Social manifestation of guilt leads to stable cooperation in multi-agent systems

Luís Moniz Pereira, Tom Lenaerts, Luis A. Martinez-Vaquero, The Anh Han

Research output: Chapter in Book/Report/Conference proceedingConference contribution

6 Citations (Scopus)

Abstract

Inspired by psychological and evolutionary studies, we present here theoretical models wherein agents have the potential to express guilt with the ambition to study the role of this emotion in the promotion of pro-social behaviour. To achieve this goal, analytical and numerical methods from evolutionary game theory are employed to identify the conditions for which enhanced cooperation emerges within the context of the iterated prisoners dilemma. Guilt is modelled explicitly as two features, i.e. A counter that keeps track of the number of transgressions and a threshold that dictates when alleviation (through for instance apology and self-punishment) is required for an emotional agent. Such an alleviation introduces an effect on the payoff of the agent experiencing guilt. We show that when the system consists of agents that resolve their guilt without considering the co-player's attitude towards guilt alleviation then cooperation does not emerge. In that case those guilt prone agents are easily dominated by agents expressing no guilt or having no incentive to alleviate the guilt they experience. When, on the other hand, the guilt prone focal agent requires that guilt only needs to be alleviated when guilt alleviation is also manifested by a defecting co-player, then cooperation may thrive. This observation remains consistent for a generalised model as is discussed in this article. In summary, our analysis provides important insights into the design of multi-agent and cognitive agent systems where the inclusion of guilt modelling can improve agents' cooperative behaviour and overall benefit.

Original languageEnglish
Title of host publication16th International Conference on Autonomous Agents and Multiagent Systems, AAMAS 2017
EditorsEdmund Durfee, Michael Winikoff, Kate Larson, Sanmay Das
PublisherInternational Foundation for Autonomous Agents and Multiagent Systems (IFAAMAS)
Pages1421-1430
Number of pages10
Volume3
ISBN (Electronic)9781510855076
Publication statusPublished - 2017
Event16th International Conference on Autonomous Agents and Multiagent Systems, AAMAS 2017 - Sao Paulo, Brazil
Duration: 8 May 201712 May 2017

Conference

Conference16th International Conference on Autonomous Agents and Multiagent Systems, AAMAS 2017
CountryBrazil
CitySao Paulo
Period8/05/1712/05/17

Fingerprint

Multi agent systems
Game theory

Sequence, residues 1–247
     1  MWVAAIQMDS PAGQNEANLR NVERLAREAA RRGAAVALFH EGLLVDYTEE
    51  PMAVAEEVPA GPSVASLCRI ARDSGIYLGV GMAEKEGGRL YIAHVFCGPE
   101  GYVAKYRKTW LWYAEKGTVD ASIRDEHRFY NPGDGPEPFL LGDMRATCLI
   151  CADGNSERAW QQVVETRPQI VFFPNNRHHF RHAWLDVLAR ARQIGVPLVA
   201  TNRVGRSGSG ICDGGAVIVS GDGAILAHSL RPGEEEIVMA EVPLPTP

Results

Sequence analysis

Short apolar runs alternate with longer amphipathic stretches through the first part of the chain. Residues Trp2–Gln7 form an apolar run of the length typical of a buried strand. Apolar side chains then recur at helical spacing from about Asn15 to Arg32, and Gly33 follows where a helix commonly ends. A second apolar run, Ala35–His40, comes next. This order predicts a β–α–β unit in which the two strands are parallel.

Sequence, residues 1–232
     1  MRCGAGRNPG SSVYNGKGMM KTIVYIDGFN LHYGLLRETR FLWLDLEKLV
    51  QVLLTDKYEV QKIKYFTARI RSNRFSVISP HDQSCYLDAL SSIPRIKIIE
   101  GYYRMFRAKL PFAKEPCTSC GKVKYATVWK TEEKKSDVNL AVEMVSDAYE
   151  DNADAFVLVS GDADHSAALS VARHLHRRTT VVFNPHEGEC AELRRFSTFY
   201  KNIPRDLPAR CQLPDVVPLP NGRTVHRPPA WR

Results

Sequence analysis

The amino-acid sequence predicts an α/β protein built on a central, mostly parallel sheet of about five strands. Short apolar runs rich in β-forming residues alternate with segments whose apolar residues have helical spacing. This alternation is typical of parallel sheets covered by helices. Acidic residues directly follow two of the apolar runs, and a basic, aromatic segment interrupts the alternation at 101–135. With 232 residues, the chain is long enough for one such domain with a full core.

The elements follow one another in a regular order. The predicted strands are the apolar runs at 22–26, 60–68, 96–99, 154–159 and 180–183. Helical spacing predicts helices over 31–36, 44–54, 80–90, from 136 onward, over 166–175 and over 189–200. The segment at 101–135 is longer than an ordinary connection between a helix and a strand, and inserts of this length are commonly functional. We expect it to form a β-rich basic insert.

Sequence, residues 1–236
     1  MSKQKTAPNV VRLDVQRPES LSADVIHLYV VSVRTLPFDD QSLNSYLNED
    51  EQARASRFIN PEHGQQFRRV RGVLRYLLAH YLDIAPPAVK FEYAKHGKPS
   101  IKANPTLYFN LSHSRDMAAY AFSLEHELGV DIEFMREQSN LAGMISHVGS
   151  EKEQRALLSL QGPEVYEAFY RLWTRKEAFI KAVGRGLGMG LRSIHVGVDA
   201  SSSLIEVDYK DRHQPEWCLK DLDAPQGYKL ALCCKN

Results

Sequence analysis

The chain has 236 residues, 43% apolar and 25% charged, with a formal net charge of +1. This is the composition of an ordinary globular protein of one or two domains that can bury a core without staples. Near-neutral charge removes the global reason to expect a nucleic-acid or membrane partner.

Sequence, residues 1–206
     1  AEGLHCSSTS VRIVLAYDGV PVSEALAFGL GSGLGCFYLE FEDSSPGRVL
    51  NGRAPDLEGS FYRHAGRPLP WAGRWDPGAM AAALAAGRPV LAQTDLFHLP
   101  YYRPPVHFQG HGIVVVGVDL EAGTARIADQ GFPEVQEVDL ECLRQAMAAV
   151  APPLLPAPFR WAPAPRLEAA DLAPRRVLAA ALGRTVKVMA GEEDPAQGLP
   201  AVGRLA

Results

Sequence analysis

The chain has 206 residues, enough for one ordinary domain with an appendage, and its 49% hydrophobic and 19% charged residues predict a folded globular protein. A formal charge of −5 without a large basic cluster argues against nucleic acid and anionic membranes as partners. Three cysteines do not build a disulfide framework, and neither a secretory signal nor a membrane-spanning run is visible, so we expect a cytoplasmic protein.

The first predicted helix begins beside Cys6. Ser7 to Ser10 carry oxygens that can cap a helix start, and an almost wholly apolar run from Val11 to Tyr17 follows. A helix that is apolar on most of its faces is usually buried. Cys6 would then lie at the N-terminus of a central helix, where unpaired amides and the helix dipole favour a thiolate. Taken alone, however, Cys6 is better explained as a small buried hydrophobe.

Numerical methods

Keywords

  • Evolution of cooperation
  • Evolutionary game theory
  • Guilt emotion
  • Multi-agent systems

Cite this

Pereira, L. M., Lenaerts, T., Martinez-Vaquero, L. A., & Han, T. A. (2017). Social manifestation of guilt leads to stable cooperation in multi-agent systems. In E. Durfee, M. Winikoff, K. Larson, & S. Das (Eds.), 16th International Conference on Autonomous Agents and Multiagent Systems, AAMAS 2017 (Vol. 3, pp. 1421-1430). International Foundation for Autonomous Agents and Multiagent Systems (IFAAMAS).
Pereira, Luís Moniz ; Lenaerts, Tom ; Martinez-Vaquero, Luis A. ; Han, The Anh. / Social manifestation of guilt leads to stable cooperation in multi-agent systems. 16th International Conference on Autonomous Agents and Multiagent Systems, AAMAS 2017. editor / Edmund Durfee ; Michael Winikoff ; Kate Larson ; Sanmay Das. Vol. 3 International Foundation for Autonomous Agents and Multiagent Systems (IFAAMAS), 2017. pp. 1421-1430
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abstract = "Inspired by psychological and evolutionary studies, we present here theoretical models wherein agents have the potential to express guilt with the ambition to study the role of this emotion in the promotion of pro-social behaviour. To achieve this goal, analytical and numerical methods from evolutionary game theory are employed to identify the conditions for which enhanced cooperation emerges within the context of the iterated prisoners dilemma. Guilt is modelled explicitly as two features, i.e. A counter that keeps track of the number of transgressions and a threshold that dictates when alleviation (through for instance apology and self-punishment) is required for an emotional agent. Such an alleviation introduces an effect on the payoff of the agent experiencing guilt. We show that when the system consists of agents that resolve their guilt without considering the co-player's attitude towards guilt alleviation then cooperation does not emerge. In that case those guilt prone agents are easily dominated by agents expressing no guilt or having no incentive to alleviate the guilt they experience. When, on the other hand, the guilt prone focal agent requires that guilt only needs to be alleviated when guilt alleviation is also manifested by a defecting co-player, then cooperation may thrive. This observation remains consistent for a generalised model as is discussed in this article. In summary, our analysis provides important insights into the design of multi-agent and cognitive agent systems where the inclusion of guilt modelling can improve agents' cooperative behaviour and overall benefit.",